- Fewer chores and responsibilities may be necessary
- Healthy meals and snacks
As their supporter-in-chief, you can really play an important role in helping your child maintain balance
Your study plan for them, or theirs?
“We’re not going to be able to sit in the exam venue with our children when they write their exams. Our support is different. It needs to foster a sense of independence, confidence and self-reliance in our child. If you draw up the study plan, they don’t have ownership of it. By all means offer interest, support, gentle guidance and encouragement if that’s what your child wants from you. But you might well find that your child can devise the optimum study plan all by themselves, after all, they are young adults now. From time to time, during the matric exam experience, you might find yourself gently encouraging your teen to resume studying after a break, but constant nagging and checking up on them is counter-productive. It only sends the message that we don’t have confidence they can do this for themselves.”
Claudia adds: “Keep communication open and supportive. Trust that your child knows best how to prepare for the exams. Have conversations about their study plans, content covered and the importance of study breaks as well as study sessions. You might be surprised and delighted by the sense of responsibility and autonomy that your child displays.”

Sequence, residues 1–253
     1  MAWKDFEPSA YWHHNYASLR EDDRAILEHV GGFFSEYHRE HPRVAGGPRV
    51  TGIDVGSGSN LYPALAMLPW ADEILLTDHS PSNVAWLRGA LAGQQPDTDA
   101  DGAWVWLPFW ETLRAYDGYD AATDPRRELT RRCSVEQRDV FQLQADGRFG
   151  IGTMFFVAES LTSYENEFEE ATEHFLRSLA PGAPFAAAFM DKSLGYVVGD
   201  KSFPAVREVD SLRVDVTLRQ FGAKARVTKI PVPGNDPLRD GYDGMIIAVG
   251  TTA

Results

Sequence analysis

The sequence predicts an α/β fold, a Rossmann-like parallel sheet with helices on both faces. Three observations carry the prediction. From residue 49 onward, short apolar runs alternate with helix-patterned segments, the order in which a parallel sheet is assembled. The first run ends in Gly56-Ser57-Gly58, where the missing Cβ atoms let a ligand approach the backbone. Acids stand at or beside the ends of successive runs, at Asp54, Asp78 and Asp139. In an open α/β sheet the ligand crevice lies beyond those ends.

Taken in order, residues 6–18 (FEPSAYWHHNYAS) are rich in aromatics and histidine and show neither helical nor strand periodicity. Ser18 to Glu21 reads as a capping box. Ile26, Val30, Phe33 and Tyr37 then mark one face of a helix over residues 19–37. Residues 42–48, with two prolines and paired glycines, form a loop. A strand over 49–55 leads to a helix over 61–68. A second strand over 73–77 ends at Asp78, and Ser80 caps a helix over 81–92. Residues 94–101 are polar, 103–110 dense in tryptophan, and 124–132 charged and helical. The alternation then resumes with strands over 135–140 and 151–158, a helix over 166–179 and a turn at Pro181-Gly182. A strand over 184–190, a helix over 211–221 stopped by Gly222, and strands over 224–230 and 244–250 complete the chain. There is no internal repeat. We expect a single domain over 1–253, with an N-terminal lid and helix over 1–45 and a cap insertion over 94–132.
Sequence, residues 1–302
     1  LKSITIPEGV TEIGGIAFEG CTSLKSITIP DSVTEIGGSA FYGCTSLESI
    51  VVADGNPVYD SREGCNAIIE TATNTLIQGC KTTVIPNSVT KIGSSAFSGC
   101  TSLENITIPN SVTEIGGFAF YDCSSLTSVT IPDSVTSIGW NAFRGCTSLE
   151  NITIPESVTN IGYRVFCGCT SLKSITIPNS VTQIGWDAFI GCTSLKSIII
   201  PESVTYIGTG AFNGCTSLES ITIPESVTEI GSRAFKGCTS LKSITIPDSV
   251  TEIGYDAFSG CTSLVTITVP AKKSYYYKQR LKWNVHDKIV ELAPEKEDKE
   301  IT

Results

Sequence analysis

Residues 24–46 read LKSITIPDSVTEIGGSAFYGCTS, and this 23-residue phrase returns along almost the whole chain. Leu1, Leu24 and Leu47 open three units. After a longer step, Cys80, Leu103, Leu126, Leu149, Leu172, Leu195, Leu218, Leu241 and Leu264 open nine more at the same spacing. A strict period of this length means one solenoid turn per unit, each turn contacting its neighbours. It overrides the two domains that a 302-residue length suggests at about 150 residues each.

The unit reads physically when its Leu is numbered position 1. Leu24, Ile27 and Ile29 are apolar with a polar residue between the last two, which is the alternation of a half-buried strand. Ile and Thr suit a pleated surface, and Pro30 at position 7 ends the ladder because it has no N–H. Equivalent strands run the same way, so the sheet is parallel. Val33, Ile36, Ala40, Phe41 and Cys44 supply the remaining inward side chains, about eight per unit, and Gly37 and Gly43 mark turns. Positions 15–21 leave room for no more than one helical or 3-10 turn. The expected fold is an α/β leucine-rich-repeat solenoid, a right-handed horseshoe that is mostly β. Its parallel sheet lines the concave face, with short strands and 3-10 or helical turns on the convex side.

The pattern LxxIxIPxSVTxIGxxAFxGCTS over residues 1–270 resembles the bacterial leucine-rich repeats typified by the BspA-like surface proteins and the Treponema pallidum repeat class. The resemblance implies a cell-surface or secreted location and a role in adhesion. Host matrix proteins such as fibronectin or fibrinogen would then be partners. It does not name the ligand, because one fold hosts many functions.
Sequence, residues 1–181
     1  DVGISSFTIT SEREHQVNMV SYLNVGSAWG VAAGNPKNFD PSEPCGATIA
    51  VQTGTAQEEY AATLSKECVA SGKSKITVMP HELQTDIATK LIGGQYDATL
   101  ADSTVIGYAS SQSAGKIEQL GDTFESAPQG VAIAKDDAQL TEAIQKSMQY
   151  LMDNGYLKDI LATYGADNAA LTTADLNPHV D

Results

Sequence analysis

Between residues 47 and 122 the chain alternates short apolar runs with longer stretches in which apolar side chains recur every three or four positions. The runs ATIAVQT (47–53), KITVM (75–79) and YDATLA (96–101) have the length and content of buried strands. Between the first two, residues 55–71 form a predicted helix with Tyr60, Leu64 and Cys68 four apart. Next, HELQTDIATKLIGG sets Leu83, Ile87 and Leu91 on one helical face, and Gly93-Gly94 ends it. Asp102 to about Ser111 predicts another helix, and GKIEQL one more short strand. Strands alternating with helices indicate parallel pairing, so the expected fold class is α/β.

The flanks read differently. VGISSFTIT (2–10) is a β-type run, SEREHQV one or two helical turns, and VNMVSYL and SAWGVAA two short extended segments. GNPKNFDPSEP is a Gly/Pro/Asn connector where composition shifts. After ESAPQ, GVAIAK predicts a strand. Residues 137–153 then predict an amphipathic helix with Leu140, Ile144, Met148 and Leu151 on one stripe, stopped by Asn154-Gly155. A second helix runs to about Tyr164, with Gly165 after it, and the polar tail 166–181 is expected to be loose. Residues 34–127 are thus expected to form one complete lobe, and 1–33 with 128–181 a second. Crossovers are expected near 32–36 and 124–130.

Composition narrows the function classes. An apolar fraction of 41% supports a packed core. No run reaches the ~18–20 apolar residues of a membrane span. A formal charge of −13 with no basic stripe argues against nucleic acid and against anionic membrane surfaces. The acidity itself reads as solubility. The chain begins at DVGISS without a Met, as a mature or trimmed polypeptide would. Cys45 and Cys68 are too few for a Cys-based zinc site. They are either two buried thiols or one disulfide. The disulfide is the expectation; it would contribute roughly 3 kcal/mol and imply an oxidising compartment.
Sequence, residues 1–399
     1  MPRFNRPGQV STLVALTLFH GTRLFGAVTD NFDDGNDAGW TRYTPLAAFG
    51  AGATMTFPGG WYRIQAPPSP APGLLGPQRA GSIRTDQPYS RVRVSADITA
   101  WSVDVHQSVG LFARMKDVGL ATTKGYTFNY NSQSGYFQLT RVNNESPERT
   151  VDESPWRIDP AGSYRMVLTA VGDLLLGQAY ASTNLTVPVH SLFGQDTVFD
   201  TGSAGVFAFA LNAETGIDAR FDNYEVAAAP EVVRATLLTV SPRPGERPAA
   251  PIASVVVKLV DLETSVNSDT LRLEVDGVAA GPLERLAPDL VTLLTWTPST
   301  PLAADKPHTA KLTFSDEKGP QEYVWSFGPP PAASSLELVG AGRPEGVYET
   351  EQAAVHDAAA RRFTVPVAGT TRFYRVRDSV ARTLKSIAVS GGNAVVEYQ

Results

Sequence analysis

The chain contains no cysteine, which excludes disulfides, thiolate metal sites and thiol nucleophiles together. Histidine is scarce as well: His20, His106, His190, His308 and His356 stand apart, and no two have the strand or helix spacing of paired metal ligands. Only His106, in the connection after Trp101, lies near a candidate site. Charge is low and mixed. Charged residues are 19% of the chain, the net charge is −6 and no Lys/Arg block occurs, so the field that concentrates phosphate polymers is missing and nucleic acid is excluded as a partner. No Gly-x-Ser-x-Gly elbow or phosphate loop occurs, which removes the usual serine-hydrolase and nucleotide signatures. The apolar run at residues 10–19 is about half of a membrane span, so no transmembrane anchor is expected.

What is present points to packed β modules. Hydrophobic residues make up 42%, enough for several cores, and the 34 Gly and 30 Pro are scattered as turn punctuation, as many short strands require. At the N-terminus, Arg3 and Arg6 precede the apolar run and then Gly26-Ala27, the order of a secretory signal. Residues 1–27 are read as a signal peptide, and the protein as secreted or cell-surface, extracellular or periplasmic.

Of course, not all the tensions and stresses about the matric exams are going to be about the rigours of studying and being put to the test. Parents also need to keep the lines of communication open to their children about the issue of what is next for them. This year, SACAP has launched a ‘You have the power to create change’ campaign to encourage this year’s matriculants to think about the value that they have to offer as change-makers in South Africa.
For any matriculant who is interested in the field of psychology and counselling, SACAP offers a wide range of qualifications including (Higher Certificate, Diploma, BAppSocSci, BPsych, BsocSci Honours and BPsych Equivalent) and a one-of-a-kind approach to learning: academic rigour and applied skills. Graduating confident ‘work-ready’ practitioners is key, which is why SACAP combines an academically rigorous curriculum with a strong emphasis on the ability to apply knowledge through the training of relevant skills. Registration for 2018 term one, closes at the end of January 2018. For further information, visit: www.sacap.edu.za